EXPECT to see Mark Simmons, the Top Chef boy from Invercargill, on an ad for Marmite some time soon. Well, maybe. The competitors on Top Chef are allowed to take along $200 worth of their favourite secret ingredients. He took Marmite. "In the right hands it can move mountains," said Mark, nonsensically.
Nah, mate, despite that valiant attempt to be the face of Marmite, I think you've blown it.
And, honestly, deconstructed duck a l'orange? Well, he is from Invercargill where a deconstructed duck a l'orange probably means picking the shot out before serving your dead duck. This is not a criticism of Invercargill cuisine.
"You don't have duck a l'orange in, aah, Kiwi?" asked one his competitors.
"No, we just say orange, mate," said the boy from Invercargill.
Mate. You should have stuck with duck in Fanta. That might have got you an ad.
"Vegemite," said the guest judge, Rocco Dispirito, getting it almost right, "I can't think of a more foul flavour and it turned out to be very delicious."
This was not a pun, but Mark's fowl in orange turned out to be foul. "It came off as silly and pretentious," said Anthony Bourdain who used to be a chef and a writer and now comes off as the Simon Cowell of foodie telly talent quests - which is what Top Chef is.
The competition for talking nonsense is fierce but Mark is holding his own. "We have a spicy tomato sauce ... just because it [Chicago] is the Windy City."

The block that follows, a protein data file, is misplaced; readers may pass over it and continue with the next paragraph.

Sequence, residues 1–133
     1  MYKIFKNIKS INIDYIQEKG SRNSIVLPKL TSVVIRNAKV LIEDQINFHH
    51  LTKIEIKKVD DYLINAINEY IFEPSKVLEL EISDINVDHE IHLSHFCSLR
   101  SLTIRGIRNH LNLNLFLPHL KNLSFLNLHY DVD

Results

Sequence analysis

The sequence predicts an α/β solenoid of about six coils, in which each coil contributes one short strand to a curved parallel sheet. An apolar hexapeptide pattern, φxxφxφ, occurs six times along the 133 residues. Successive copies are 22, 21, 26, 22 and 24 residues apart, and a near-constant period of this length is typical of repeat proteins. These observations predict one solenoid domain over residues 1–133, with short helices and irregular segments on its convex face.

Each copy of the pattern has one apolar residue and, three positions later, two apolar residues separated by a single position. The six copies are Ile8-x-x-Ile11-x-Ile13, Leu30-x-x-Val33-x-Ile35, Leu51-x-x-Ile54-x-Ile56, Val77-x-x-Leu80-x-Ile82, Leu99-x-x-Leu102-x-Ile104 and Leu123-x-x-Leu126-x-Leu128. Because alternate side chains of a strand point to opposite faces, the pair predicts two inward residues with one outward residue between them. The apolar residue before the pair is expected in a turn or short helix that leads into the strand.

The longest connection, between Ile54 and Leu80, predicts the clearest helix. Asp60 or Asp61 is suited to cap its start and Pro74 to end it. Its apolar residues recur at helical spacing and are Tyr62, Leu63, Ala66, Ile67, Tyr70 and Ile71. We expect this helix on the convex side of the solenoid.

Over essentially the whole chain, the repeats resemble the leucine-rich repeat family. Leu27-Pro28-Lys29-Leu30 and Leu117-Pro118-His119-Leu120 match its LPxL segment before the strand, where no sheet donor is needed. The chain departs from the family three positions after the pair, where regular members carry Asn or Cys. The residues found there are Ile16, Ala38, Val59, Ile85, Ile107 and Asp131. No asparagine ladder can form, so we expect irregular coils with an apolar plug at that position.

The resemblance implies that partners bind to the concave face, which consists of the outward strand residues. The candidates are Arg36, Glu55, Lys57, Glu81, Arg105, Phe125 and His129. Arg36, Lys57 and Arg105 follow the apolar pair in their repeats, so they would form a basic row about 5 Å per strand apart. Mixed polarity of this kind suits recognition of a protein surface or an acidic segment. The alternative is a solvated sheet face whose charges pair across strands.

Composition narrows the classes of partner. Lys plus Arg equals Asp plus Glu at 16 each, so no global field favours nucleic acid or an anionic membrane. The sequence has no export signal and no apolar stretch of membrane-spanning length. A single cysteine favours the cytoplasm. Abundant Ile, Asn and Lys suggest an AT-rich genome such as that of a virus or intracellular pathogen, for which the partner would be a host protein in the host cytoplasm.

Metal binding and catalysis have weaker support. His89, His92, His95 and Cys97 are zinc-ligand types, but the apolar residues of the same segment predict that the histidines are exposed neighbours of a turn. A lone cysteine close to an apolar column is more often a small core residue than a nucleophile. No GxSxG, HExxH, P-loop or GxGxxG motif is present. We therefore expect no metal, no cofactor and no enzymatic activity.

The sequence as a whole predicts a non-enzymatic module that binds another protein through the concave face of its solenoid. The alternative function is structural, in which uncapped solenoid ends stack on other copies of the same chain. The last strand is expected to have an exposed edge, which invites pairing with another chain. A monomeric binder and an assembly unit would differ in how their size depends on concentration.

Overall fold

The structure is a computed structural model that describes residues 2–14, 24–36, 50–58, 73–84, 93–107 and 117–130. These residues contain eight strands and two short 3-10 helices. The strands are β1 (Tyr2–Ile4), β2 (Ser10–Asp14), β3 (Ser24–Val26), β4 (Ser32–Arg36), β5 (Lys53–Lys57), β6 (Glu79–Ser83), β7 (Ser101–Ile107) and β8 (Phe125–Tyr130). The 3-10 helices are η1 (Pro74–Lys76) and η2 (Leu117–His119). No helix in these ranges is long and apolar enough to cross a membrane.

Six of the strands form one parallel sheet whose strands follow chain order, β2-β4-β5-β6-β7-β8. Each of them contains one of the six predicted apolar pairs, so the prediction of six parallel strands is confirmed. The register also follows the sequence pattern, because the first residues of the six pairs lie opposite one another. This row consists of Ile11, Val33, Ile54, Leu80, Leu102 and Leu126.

Has he been sniffing the Marmite?
I don't see the attraction of Top Chef. It has girls but it is relentlessly macho and relentlessly American despite our Mark. Everyone is out to kick everyone's else's butt. No one seems to have any fun. Said Dale: "You have to say to yourself, 'I'm better than all you [rude word]'." There are so many rude words what passes for dialogue goes like this: "Beep, beep, beep".
Despite the flurried cooking and swearing, Top Chef is a food show with no flavour. Its host, Padma Lakshmi, has about as much personality as a turnip and looks as though she exists on carrot sticks. "Please pack your knives and go," Padma intones gravely when the loser gets sent home. But it sounds just as silly as a deconstructed duck a l'orange.
Marco Pierre White will be the bastard in the kitchen in Hell's Kitchen from tonight. He is being sold as the man who made Gordon Ramsay cry. How very macho. This is where old Michelin-starred celebrity chefs go to make arses of themselves by humiliating other celebrities.
Why do they do it? Money, presumably (haven't they got enough?) and profile (haven't they got enough?) I won't be watching. I've had enough of humiliation telly, with the exception of America's Next Top Model, of course, because those girls are so stupid they get what they deserve.
I thought I might watch the Olympic closing ceremony but I didn't. I couldn't take it.
Earlier in the day TVNZ put together a montage of Olympic moments which involved teary athletes. They played Into the West while the athletes bawled. It was enough to make you weep. It was enough to make me turn the telly off. I wasn't going to watch the Olympics at all, except for the gymnastics and the gee-gees, but the TimeOut editor made me. That wasn't the torturous bit. The torture was watching the in-between bits: the ads. I haven't seen ads for years because we've had MySky. I could have done without seeing Nigella, yet another celebrity chef, looking sultry and trying to make a cup of tea sexy. Now honestly, she must have enough money. And if you're a super celeb, can't you get in a classy ad? Stephen Fleming is on an ad for cheese. Oh, no, hang on, it's not for cheese, it's for a real estate firm. I hope he got paid a lot of money for that one.
None of the people in the Novus glass repair ad are celebs. The catch phrase is: "Show us your crack." Thank God the Olympics are over.